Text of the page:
We found 2 providers matching joint injections and who accept Humana Catastrophic HMO near Waupaca, WI.

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Dr. Daniel M Sutton, MD
Specializes in Family Medicine
710 Riverside Drive
Waupaca, WI

Dr. Daniel Sutton works as a family medicine physician in Waupaca, WI. Dr. Sutton attended medical school at the University of Wisconsin School of Medicine and Public Health. Clinical interests for Dr. Sutton include gynecological problems, colposcopy, and trigger point injections. He takes Humana HMO, Humana Bronze, Humana Catastrophic, and more. He is affiliated with ThedaCare.

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Relevant Interests: , joint injections

All Interests: Colposcopy, Hepatitis C, Sports Health, Circumcision, Endometrial Biopsy, Vasectomy, Hypertension, ... (Read more)

Dr. Robert Clement Wubben, MD
Specializes in Orthopedics/Orthopedic Surgery
902 Riverside Drive; Suite 203
Waupaca, WI

Dr. Robert Wubben is a physician who specializes in orthopedics/orthopedic surgery. Areas of expertise for Dr. Wubben include amputation, total shoulder replacement, and sports health. He is professionally affiliated with ThedaCare. He takes Humana HMO, Humana Bronze, and Humana Catastrophic, in addition to other insurance carriers. Dr. Wubben is a graduate of Medical College of Wisconsin and the University of Wisconsin School of Medicine and Public Health. For his professional training, Dr. Wubben completed a residency program at a hospital affiliated with Medical College of Wisconsin.

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Relevant Interests: , joint injections, knee injections

All Interests: Amputation, Sports Health, Knee Pain, Rheumatoid Arthritis, Hip Fracture, Fracture Surgery, ... (Read more)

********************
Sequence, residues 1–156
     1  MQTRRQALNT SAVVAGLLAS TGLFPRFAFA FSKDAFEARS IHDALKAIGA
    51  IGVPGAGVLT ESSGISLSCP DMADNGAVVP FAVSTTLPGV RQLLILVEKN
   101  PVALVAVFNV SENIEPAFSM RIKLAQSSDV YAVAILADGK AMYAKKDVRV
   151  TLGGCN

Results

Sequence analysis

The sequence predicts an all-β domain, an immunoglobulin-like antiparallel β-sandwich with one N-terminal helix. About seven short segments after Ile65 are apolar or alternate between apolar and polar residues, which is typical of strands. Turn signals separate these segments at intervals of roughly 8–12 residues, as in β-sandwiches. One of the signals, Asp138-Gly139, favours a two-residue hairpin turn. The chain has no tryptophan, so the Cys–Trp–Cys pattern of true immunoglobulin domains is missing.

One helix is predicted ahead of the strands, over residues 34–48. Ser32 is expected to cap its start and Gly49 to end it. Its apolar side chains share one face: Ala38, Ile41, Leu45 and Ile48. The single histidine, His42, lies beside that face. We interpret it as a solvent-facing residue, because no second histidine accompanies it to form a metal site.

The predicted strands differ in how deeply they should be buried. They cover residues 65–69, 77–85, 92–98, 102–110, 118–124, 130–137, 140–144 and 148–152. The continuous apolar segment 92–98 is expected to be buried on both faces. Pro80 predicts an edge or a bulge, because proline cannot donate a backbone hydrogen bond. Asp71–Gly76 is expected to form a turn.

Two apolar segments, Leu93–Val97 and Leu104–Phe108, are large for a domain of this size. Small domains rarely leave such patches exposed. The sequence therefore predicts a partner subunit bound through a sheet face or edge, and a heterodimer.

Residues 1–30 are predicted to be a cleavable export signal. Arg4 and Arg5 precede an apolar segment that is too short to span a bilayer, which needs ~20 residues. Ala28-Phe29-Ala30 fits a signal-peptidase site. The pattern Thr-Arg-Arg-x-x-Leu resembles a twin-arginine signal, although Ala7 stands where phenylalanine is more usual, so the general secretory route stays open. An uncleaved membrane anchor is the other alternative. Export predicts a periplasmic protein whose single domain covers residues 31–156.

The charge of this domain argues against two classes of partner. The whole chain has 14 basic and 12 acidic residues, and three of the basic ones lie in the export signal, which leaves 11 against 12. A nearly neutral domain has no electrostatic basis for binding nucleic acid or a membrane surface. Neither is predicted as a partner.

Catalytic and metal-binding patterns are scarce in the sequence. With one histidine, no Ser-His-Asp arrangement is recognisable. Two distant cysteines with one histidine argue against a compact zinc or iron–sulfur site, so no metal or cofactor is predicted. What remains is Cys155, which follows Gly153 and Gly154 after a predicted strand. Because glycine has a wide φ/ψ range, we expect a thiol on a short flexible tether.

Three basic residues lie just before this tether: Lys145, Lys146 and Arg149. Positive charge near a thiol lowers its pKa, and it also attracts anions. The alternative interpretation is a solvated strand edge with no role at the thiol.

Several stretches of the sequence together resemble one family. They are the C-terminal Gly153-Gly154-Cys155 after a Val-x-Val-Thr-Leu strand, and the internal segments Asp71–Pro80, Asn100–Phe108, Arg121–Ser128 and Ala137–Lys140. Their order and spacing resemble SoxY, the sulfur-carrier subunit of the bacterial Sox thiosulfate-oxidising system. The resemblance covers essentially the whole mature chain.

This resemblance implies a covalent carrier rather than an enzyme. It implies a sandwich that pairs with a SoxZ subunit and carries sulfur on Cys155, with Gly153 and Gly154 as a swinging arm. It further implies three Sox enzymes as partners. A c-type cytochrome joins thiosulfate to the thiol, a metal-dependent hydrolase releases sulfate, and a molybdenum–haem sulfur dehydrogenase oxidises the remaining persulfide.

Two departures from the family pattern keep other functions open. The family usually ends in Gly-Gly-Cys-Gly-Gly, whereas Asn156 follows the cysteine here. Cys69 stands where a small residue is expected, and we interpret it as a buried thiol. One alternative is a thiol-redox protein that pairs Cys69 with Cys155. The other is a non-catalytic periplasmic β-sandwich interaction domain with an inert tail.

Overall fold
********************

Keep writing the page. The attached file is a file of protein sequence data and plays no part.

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What is a Joint Injection/Aspiration?

A joint is any area of the body where two bones connect. Due to injury or disease, the space between the two bones can sometimes become swollen and inflamed, which leads to pain and a loss of mobility. Injection and aspiration are two tools that physicians use to treat joint pain locally without needing to perform surgery.

Both injection and aspiration are techniques that involve inserting a needle connected to a syringe directly into the joint. Aspiration involves the removal of excess fluid, and injection is the placement of medication directly into the joint space via the needle. Both procedures may be performed at the same time. In both cases a local anesthetic may be used, the skin will be cleaned and disinfected, and then the needle will be inserted. In some cases, especially if the injection or aspiration is in a large and deep joint such as the hip or spine, ultrasound may be used to guide the needle to the exact location desired.

In some cases, irritation to the joint can cause fluid to build up so significantly that the joint hurts and can no longer move well. Aspiration removes some of the excess fluid and relieves the pressure. In addition, aspiration can be used to provide a sample of joint fluid if it needs to be examined microscopically for the presence of white blood cells, bacteria, or crystal formations.

Certain injuries and diseases that affect joints are inflammatory in nature, such as rheumatoid arthritis, tendonitis or gout. These diseases may be helped by the local injection of anti-inflammatory medications directly into the affected joint. In this case, corticosteroids such as methylprednisone are usually used. Relief from the pain may be felt right away and may last for weeks or even months.

In some cases, such as with osteoarthritis, the cartilage buffer between the two bones wears down and pain comes from bones rubbing against each other. In this case, injection of a lubricating agent such as hyaluronic acid may be beneficial. It provides a slippery cushion between the bones to relieve pain that can last for months.
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